The Church has had a handful of Tajikistanis join the Church in other countries. In 2014, senior missionaries engaged in humanitarian and development work in Central Asia visited Tajikistan to provide neonatal resuscitation workshops and had a Tajiki-speaking member from Kyrgyzstan serve as their translator. In 2013 and 2014, senior missionaries reported that positive, cooperative relationships have been established between the Church's humanitarian and development efforts and the Tajikistani government.

As of late 2014, the Church did not report any translations of gospel and missionary materials or LDS scriptures into Tajiki. The Church has translated two materials into Uzbek (Hymns and Child Songs and the 13 Articles of Faith). Translations of all LDS scriptures and a sizable number of gospel study and missionary materials are available in Russian. No convert baptisms have appeared to occur in Tajikistan. Any local members originally joined the Church in other countries.

Current Barriers to an LDS Establishment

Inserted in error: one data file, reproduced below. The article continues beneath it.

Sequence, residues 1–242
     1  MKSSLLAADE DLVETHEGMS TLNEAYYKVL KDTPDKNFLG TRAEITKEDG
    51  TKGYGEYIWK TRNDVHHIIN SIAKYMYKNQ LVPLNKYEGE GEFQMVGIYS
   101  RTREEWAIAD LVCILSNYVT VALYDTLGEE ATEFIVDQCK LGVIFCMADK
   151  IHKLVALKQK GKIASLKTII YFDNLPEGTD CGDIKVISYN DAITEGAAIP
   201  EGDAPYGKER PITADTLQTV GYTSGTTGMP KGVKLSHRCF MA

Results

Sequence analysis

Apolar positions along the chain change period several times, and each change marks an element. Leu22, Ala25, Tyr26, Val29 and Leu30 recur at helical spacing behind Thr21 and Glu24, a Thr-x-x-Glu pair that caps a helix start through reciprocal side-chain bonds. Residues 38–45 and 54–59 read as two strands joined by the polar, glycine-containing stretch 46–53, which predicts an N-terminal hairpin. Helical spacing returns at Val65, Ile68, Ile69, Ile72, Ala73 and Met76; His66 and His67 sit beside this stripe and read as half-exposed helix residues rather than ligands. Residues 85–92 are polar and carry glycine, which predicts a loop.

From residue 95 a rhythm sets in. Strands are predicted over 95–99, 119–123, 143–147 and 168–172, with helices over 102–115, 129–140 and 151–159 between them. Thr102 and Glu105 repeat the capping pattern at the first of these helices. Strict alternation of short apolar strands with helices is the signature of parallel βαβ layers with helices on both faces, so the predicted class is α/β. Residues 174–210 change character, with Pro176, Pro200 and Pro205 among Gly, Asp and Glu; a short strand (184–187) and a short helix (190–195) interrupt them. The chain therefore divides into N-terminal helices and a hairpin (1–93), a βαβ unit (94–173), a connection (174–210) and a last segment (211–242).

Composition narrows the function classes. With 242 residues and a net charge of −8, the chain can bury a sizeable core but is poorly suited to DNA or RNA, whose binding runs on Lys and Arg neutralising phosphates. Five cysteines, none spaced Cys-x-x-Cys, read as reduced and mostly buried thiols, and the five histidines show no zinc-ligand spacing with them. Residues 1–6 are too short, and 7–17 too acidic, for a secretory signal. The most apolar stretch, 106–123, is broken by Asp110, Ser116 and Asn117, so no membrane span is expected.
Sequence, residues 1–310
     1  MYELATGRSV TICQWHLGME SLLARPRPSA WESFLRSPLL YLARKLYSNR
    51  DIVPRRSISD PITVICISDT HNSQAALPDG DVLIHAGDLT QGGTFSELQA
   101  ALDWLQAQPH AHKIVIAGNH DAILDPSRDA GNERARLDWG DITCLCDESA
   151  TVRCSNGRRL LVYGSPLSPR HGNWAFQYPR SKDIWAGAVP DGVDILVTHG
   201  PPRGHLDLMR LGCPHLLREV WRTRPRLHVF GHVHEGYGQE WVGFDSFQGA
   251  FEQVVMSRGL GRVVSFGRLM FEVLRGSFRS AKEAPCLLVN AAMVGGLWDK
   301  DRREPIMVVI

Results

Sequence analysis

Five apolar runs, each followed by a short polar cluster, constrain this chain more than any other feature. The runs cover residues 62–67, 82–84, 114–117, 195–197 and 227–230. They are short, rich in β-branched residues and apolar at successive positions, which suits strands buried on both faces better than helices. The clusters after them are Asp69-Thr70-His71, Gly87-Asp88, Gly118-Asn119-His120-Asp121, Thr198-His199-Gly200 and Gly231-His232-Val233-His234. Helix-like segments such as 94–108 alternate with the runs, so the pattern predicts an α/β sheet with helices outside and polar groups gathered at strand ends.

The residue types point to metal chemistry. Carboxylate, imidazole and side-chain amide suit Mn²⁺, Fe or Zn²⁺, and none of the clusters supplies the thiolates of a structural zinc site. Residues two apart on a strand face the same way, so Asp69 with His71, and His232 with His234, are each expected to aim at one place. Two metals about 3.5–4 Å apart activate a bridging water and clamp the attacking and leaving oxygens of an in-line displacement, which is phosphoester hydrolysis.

Although there do not appear to be any significant challenges with the Church meeting the requirements for registration, there are many restrictions on religious freedom that pose significant barriers to an official LDS establishment in the country. The Church missed its window of opportunity to establish a presence in Tajikistan during the 1990s when government officials were more open to nontraditional Christian denominations operating within the country. Other missionary-minded Christian groups established a formal proselytism presence in Tajikistan during this period, whereas the LDS Church appeared to make no effort to open the country to missionary activity due to limited numbers of missionaries assigned to the former Soviet Union and the lack of growth within the region. Additionally, the civil war that lasted from 1992 to 1997 presented safety and security concerns, and dissuaded church leaders from seriously considering the opening of Tajikistan to missionary activity at the time. Although recent reports indicate that the relationship between the Church and the Tajikistani government has improved with humanitarian and development projects completed by senior missionary couples, it is unclear whether this development has made an impact with the Church's legal status as a religious community in the country.